Julia Ritson

The colourful and consistent output of Melbourne artist Julia Ritson is being celebrated at Scott Livesey Galleries with an exhibition that presents a cross-section of paintings from the last twenty-five years.

The formal logic of Ritson’s painted grids belongs to a rich lineage of Modern movements – Malevich’s Suprematism, Mondrian’s De Stijl, Picasso’s Cubism – that used grids to challenge and visualise the rationality and industrialisation pivoting modernity, from the power grid to the urban landscape. In her seminal essay Grids, art historian Rosalind Krauss claimed that ‘the grid functions to declare the modernity of modern art’.

Today, the ideological rhetoric of the ‘grid’ is even more pertinent, our globilised, technologised, screen-based era making it near impossible to ‘go off the grid’.  Ritson’s paintings respond to this climate, their pixelated surfaces evoking the hi-tech circuitry, computation and information transmission of the Digital Age. However, the artist also makes her hand known in each work with saliently painted surfaces and nuanced assemblies of uneven grids introducing the hand-made image back into the internet schematic. Each tone, each shape, each gridline, emblemises and re-establishes human contemplation and decision-making in the face of a capitalist milieu that force-feeds us pre-made decisions – where ‘want’ has been systematically replaced with ‘need’. In this sense, Ritson is countering the hegemony of contemporary technological systems by subjecting the grid to the human imagination, the human hand and the ‘imperfect’.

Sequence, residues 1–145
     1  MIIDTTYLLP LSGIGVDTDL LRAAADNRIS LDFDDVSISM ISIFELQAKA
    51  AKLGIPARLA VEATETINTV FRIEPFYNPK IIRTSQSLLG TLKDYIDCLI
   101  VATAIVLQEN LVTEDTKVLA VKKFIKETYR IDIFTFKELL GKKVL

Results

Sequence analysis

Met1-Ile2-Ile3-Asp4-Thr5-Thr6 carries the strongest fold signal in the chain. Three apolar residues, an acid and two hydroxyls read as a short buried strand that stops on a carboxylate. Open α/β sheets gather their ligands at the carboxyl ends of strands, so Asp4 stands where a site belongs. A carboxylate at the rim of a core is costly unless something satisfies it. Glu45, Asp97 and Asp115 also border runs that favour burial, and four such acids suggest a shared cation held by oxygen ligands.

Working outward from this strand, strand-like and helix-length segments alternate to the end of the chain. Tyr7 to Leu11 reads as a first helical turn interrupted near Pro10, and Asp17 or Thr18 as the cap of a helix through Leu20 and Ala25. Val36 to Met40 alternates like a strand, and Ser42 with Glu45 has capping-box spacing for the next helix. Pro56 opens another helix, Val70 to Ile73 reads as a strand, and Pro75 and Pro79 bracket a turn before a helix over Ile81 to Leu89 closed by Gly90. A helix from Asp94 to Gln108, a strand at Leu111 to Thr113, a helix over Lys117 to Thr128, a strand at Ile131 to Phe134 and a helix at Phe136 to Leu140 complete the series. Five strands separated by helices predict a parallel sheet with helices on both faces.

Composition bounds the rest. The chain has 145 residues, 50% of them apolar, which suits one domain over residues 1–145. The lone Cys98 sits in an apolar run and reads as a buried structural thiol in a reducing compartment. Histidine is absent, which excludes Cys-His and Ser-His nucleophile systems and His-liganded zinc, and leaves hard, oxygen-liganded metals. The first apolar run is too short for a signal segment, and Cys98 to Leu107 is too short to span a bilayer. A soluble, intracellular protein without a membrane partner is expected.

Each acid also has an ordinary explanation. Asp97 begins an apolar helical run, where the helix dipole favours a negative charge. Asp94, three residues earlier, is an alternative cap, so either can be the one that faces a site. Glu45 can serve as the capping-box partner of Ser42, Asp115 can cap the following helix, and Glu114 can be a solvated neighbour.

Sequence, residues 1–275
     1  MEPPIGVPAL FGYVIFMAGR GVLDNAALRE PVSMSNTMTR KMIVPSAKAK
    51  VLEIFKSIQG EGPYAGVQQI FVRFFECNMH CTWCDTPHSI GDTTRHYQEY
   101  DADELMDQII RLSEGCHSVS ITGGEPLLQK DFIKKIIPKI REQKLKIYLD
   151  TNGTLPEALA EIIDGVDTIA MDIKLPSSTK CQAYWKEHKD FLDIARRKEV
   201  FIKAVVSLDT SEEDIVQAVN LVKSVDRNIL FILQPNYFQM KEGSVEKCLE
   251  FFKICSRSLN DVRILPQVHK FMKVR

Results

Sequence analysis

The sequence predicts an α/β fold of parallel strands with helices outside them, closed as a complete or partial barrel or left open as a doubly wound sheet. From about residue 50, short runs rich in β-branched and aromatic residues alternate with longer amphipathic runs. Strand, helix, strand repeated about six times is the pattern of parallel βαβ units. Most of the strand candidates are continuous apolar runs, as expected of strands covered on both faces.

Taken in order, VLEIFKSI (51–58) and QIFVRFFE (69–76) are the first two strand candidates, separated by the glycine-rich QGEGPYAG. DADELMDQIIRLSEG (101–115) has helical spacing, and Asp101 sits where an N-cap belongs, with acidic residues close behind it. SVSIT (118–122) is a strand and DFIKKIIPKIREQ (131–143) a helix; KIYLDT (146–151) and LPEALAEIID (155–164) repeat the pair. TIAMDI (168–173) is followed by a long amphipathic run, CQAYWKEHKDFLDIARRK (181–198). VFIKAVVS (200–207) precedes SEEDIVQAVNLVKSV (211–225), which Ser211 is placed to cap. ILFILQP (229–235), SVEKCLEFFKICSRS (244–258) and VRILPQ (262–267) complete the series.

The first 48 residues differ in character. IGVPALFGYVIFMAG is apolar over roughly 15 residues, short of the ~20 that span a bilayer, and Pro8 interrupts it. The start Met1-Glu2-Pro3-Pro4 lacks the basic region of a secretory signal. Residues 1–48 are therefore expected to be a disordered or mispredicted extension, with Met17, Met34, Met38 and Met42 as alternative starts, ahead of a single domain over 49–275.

In the works, graphic glitches and screen pixilation transform into worn masonry or the interlocking fibres of tweed. We can spot a picnic in the park or a ballroom brimming with dancing guests, proximate plays of colour creating energy and movement as if every box contained within it a life-force. Each grid articulates a multitude of images, and it is for the viewer to decipher their own pictorial meaning. Often small in scale, the works draw the viewer into their micro worlds, beckoning us to stop for a moment and allow ourselves to surrender to the subjective, referential power of the grid.

Julia Ritson | Grid Paintings 25 Years
7 – 29 March 2018
Scott Livesey Galleries, Melbourne

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